Yes, the old effortless effort quality. It’s something which us yogis know all too well as we attempt to ‘float’ through to a seated position from down dog or lift our entire body weight off the floor in a cross legged position (known as lolasana)and 'drift' back. Floating, drifting! 'Effortless' is not the word, there’s a heap of steely determination, five long years of regular practice and a tonne of internal bandha* control and physical strength required. So when the teacher (and I’ve done it many times myself) says jump or float lightly through to a seated position you know at least 70% of the class are gritting their teeth and working strongly to get a glimpse of the requisite ‘mysterious’ internal strength. It’s easy to say it, it’s not so easy to do it.
Matthew Sweeney, in his book Astanga Yoga As It Is says when learning how to jump back and through, “try to optimise both the feeling of lightness (no strain) and strength. One without the other is an imbalance.” So teeth gritting isn’t going to work is it? And that’s exactly what I feel I’ve been doing lately. I’ve lost a little bit of the lightness and let the strength (good) and strain (bad) take over, leaving me unbalanced (exactly what a yogi doesn’t want to be).
For the first couple of months of this New Life there was a certain amount of floating going on, I was somehow letting go of any external or ‘obvious’ effort but; like an eager-to-please duckling paddling madly to keep up with mum, my webbed feet were working double time. At least then I was managing to maintain some floaty serenity; now I’m splashing.
So, where’s all this going you ask?
Well as a new yoga teacher I feel this responsibility to be light, serene and to present effortless effort in all that I do. You know a good teacher when it all just comes together naturally; you’re taken along in the current of their class and you don’t even notice it. Who knows if anyone is taken along in my current, but today I made my first obvious yoga boo boo. It did not come together naturally at all. I was teaching a corporate class in the city at a market research agency where my sister works, and I had my alarm set for 6am to get the ferry at 7am and be there for 8am when my husband woke me up at 7.05 saying, ‘Claire, don’t you need to be up?’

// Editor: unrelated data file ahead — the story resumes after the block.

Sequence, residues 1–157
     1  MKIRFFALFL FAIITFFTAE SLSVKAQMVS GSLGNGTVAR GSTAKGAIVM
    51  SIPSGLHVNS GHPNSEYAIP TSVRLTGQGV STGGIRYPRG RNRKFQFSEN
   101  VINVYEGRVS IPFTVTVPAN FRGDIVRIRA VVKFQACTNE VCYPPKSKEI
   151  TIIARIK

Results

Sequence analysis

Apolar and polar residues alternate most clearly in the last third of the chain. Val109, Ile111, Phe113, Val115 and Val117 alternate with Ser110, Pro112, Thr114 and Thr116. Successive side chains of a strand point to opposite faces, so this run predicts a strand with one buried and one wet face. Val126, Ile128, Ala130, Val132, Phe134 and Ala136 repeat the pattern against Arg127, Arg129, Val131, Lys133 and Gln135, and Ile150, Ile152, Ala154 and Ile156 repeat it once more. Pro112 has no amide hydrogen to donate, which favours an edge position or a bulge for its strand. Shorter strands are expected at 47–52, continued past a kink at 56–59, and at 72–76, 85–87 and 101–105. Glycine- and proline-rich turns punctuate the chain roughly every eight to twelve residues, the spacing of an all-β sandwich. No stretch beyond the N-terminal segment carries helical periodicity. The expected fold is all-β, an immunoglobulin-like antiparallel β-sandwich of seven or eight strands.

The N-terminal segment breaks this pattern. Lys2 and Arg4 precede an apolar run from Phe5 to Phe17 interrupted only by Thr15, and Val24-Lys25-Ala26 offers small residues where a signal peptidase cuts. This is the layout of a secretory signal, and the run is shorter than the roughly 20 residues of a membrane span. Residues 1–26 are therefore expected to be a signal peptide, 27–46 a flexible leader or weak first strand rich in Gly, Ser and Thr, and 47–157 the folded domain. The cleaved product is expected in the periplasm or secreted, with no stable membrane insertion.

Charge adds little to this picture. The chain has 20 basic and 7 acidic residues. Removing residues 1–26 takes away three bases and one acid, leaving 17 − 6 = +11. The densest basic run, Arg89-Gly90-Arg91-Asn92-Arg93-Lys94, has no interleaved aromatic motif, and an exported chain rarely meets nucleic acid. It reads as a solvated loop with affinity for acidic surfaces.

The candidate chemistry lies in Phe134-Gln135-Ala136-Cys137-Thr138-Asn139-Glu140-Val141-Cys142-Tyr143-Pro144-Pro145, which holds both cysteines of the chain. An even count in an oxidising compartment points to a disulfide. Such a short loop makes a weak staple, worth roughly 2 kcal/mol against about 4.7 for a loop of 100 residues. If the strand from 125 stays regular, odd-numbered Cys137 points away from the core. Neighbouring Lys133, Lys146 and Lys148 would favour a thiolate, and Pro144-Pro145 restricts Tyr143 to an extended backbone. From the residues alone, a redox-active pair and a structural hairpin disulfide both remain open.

So I leapt out if bed, called my sister straight away and apologised. What else can you do? But I feel like I let people down. Due to traffic and ferry times etc it wasn’t going to be possible to make it there for 8 or even 8.15 and they have to start work at 9. So I just had to say sorry again and that I’ll be there next week for sure.
So much for the effortless effort.
But of course, as my hubby said, these things happen. It’s the first time I’ve let anyone down (knowingly!) with a yoga class and at least now it will make me be sure to double, triple check that my alarm clock is properly set.
I am sure most people would agree but there's nothing worse than letting other people down (except maybe letting yourself down) and I did both. I’m tired at the moment, these are not excuses, but I guess I didn’t wake up naturally at 6 ish as I usually do 'effortlessly'; so I need to pull on some of that steely strength, the years of regular practice, and a bit more lightness, to take things a little less seriously. Occasionally we can’t jump through lightly, we mess up, I can’t let it weigh heavily on me.
*Bandhas are internal locks or seals are contracted or activated during yoga practice and which contain and control prana (energy) and heat within the body. The most common bandhas are: mula bandha at the pelvic floor; uddiyana bandha located at the navel, lower abdomen region; and jalandhara bandha which is a tucking of the chin to bring about soft audible ujjayi breath.